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This chapter is from the book

This chapter is from the book

Name

A name describes an element. It is not unique: lots of elements can have the same name. Therefore, a name cannot be used to identify an individual element. Instead, it tells us the kind of element, similar to declaring the class of an object or the type of a variable. There are no predefined element types and (with a single exception explained later) there are no reserved element names. It is up to the user to create and maintain meaning.

Flash Context

Lexically, XML names are similar to ActionScript names. XML is slightly more permissive. There is a potential for trouble from two characters, the colon (:) and the period (.). These have special meaning in ActionScript but are permitted in XML names. Yet even in XML they imply a sense of namespace hierarchy. The colon is explicitly discouraged (though not forbidden) in the XML protocol. And use of the period seems only to invite disaster. We avoid the use of either one due to their use as namespace delimiters.

Of course there is no requirement that an application map XML names directly to ActionScript names. Most applications that tried to do so would come across an obstacle larger than a dot or two.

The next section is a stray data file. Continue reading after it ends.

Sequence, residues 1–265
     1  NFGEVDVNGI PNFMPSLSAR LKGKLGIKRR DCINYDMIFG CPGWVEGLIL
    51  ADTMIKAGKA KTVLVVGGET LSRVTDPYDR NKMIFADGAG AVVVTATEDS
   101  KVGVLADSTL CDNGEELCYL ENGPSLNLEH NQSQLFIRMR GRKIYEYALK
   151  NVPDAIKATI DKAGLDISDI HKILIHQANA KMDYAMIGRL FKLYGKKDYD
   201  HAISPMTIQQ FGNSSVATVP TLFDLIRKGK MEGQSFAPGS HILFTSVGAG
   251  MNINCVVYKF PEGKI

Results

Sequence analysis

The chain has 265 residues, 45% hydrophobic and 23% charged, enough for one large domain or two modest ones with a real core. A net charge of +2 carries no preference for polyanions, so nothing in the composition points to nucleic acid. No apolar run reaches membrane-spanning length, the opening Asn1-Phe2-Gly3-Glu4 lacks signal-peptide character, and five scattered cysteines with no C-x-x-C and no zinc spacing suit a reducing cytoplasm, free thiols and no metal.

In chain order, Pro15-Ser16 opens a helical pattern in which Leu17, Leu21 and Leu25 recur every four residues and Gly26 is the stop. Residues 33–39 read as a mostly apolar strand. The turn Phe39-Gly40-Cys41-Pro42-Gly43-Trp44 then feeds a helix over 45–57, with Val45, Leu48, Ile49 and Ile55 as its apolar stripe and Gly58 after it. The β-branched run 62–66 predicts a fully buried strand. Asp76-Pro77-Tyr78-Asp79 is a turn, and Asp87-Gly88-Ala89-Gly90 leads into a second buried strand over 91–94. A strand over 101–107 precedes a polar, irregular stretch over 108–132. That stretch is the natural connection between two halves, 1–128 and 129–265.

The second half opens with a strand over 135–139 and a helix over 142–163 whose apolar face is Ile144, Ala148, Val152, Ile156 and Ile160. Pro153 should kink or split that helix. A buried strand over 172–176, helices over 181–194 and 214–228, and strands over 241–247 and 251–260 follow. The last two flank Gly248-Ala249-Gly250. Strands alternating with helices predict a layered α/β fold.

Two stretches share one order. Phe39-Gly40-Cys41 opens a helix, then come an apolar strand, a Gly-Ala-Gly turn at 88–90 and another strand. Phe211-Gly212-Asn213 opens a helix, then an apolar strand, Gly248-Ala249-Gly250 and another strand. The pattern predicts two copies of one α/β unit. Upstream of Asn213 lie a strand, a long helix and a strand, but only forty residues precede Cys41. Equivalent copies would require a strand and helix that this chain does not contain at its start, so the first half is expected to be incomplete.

ActionScript names are unique within their scope (you cannot have two variables called "foo" on the same level). XML element names are very frequently identical to the names of their siblings. While ActionScript names serve to identify an individual datum, XML element names do not.

Syntax

The restrictions on names are simple. Names can use any letter in the alphabet. The alphabet does not have to be ASCII, Latin-1, or even 8 bit. XML supports Unicode and allows names in the current alphabet. Our examples, however, will all be within the Latin alphabet.

Case matters, but it is your choice. There is no standard practice for use of case in XML. Often element names are all lower case with dashes standing in for spaces:

first-name

Names can use any digits, but they may not start with a digit:

first-name2

XML defines no element names, but it does reserve all names beginning with the three letters "xml" (case insensitive), so xml-test is not a permitted name.

Rules

Character

Initial

Interior

Sample

letters

yes

yes

A B C a b c Å ß ç

digits

 

yes

0 1 2 3

underscore

yes

yes

_

colon

yes, but*

yes, but*

:

dot and dash

 

yes

.—

xml prefix

 

yes

XML xml xML


Examples of Names

ADDRESS

Street, city, etc.

player

Contains personal data, such as an address

team

Probably contains several player elements

_team

Different kind of team element

team.mascot

Just a simple name. The dot has no meaning.

team_mascot

Alternative name

team-mascot

Traditional XML name formation

Formula1

Digits can be included

test-xml

Noninitial XML triplet is fine


Bad examples

xmlTEST

Cannot begin with xml

9-iron

Cannot begin with digit

team:player

Legal, but very bad form unless team is a namespace


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